FIG. 3 shows a modified Fibre Channel network 10 to illustrate the capability of the present invention to process extended copy commands from multiple Fibre Channel and/or SCSI hosts to multiple target devices using multiple Fibre Channel-to-SCSI routers. Fibre Channel network 10 now includes #2 Fibre Channel host 22 and #2 Fibre Channel-to-SCSI router 30 communicatively connected to Fibre Channel network link 12 via network links 50.
Fibre Channel network 10 also includes #2 SCSI host 80, communicatively connected to #2 SCSI router 30 via a network link 20. Further, #2 SCSI router 30 is communicatively connected to #3 target device 32 and #4 target device 34 via networks links 20.
FIG. 3 shows a closed Fibre Channel network 10, but it is possible to add additional SCSI routers, Fibre Channel hosts, SCSI hosts and target devices to Fibre Channel network 10. Such a modification is contemplated as within the scope of this invention. The method and system of the present invention can thus function equally well in a network having multiple hosts, multiple routers and multiple target devices. The number of routers, target devices and hosts is limited by the router, and the SCSI and Fibre Channel network protocol capacity.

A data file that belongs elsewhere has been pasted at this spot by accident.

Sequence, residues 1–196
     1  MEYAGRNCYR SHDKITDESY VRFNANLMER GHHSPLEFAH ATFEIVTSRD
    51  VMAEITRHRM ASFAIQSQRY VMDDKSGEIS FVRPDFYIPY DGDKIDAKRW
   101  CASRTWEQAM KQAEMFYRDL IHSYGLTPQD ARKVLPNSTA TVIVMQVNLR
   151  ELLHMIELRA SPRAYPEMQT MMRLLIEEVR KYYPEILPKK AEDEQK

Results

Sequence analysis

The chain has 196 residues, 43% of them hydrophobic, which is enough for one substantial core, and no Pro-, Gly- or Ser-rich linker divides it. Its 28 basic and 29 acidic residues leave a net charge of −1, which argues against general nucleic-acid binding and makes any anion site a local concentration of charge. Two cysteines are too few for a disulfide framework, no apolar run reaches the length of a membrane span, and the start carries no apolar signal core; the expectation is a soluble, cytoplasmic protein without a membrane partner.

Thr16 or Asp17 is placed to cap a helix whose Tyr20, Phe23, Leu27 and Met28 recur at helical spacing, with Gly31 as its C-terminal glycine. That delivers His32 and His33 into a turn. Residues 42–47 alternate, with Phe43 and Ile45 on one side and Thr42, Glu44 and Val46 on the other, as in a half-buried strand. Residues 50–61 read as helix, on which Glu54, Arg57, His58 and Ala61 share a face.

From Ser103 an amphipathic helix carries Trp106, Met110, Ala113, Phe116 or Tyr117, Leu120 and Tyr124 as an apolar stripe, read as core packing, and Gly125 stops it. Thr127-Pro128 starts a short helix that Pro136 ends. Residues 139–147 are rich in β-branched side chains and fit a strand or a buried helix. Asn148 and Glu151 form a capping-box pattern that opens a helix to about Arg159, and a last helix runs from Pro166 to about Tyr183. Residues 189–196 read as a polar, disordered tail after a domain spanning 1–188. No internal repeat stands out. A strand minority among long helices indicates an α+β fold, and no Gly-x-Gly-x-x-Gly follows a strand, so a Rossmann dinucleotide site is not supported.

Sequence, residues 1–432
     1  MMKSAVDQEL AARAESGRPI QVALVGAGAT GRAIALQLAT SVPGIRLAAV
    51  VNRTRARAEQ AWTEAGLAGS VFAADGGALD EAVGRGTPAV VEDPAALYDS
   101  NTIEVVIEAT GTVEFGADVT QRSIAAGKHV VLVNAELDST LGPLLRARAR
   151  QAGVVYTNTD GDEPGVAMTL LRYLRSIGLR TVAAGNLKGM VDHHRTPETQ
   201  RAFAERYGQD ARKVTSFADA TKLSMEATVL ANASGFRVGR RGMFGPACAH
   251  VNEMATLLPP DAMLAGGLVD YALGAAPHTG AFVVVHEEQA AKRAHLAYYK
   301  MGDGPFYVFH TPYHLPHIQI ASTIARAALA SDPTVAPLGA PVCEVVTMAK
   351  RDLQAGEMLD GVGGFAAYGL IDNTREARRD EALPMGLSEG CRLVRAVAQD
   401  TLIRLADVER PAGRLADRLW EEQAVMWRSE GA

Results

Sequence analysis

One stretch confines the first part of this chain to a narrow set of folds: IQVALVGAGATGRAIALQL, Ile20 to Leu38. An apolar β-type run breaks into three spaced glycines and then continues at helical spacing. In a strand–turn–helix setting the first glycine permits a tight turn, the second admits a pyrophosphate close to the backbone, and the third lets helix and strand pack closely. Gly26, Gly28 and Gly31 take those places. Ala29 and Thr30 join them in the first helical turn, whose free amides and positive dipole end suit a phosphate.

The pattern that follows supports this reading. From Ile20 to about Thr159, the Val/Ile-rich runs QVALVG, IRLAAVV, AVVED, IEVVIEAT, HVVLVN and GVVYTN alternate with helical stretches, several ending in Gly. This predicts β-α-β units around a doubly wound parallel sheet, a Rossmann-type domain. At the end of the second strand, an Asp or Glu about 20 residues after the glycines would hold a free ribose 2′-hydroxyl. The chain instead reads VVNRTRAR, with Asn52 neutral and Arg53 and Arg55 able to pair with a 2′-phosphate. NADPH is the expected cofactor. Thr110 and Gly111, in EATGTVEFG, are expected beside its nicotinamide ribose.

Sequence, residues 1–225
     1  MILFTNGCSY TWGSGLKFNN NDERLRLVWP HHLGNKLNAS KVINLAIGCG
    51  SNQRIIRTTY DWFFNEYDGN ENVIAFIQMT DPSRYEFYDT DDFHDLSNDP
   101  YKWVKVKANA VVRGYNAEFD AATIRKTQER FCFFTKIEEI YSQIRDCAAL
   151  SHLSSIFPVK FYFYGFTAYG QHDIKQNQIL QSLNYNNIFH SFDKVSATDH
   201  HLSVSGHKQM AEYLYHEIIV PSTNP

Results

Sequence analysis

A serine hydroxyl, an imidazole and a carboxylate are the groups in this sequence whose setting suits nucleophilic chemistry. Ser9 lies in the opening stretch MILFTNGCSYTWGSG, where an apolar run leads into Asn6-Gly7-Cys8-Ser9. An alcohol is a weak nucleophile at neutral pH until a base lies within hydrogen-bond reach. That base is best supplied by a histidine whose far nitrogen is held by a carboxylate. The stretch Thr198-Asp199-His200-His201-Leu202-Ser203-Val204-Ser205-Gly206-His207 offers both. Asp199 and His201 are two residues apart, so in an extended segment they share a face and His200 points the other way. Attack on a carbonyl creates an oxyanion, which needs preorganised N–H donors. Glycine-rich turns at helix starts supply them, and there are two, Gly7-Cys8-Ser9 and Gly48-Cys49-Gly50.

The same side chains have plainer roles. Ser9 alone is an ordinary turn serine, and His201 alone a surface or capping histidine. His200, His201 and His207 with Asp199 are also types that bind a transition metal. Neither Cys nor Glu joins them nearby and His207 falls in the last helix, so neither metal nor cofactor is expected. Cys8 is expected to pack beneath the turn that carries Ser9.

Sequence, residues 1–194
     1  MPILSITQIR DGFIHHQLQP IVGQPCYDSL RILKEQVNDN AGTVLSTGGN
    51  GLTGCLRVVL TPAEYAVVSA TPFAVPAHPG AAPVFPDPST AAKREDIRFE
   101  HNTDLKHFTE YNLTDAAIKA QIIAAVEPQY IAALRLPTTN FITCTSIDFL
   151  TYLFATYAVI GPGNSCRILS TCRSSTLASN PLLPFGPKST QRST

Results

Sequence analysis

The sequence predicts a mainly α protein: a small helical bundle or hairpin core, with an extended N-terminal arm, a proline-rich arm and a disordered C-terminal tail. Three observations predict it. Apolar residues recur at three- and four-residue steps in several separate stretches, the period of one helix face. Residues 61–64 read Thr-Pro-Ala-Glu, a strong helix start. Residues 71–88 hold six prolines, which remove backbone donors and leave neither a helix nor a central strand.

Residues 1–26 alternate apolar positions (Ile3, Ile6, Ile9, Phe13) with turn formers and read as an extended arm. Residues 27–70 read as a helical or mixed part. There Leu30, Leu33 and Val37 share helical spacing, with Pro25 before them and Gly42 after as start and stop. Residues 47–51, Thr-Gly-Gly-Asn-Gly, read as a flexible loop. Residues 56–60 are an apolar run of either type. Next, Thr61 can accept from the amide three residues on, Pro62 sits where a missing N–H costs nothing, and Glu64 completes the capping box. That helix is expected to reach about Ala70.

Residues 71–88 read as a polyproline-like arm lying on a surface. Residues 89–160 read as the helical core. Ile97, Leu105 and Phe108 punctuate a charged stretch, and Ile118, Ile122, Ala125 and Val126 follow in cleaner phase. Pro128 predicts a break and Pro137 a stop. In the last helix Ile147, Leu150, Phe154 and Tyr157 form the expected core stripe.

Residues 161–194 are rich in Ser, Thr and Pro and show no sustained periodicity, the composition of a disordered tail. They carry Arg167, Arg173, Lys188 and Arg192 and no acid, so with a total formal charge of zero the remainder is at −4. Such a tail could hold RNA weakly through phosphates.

The present invention can provide the functionality disclosed in this description in applications involving networks in which different hosts may each use different specification extended copy commands. For example, one host may use the Legato implementation while another host within the same network can use the 143r1 specification extended copy command.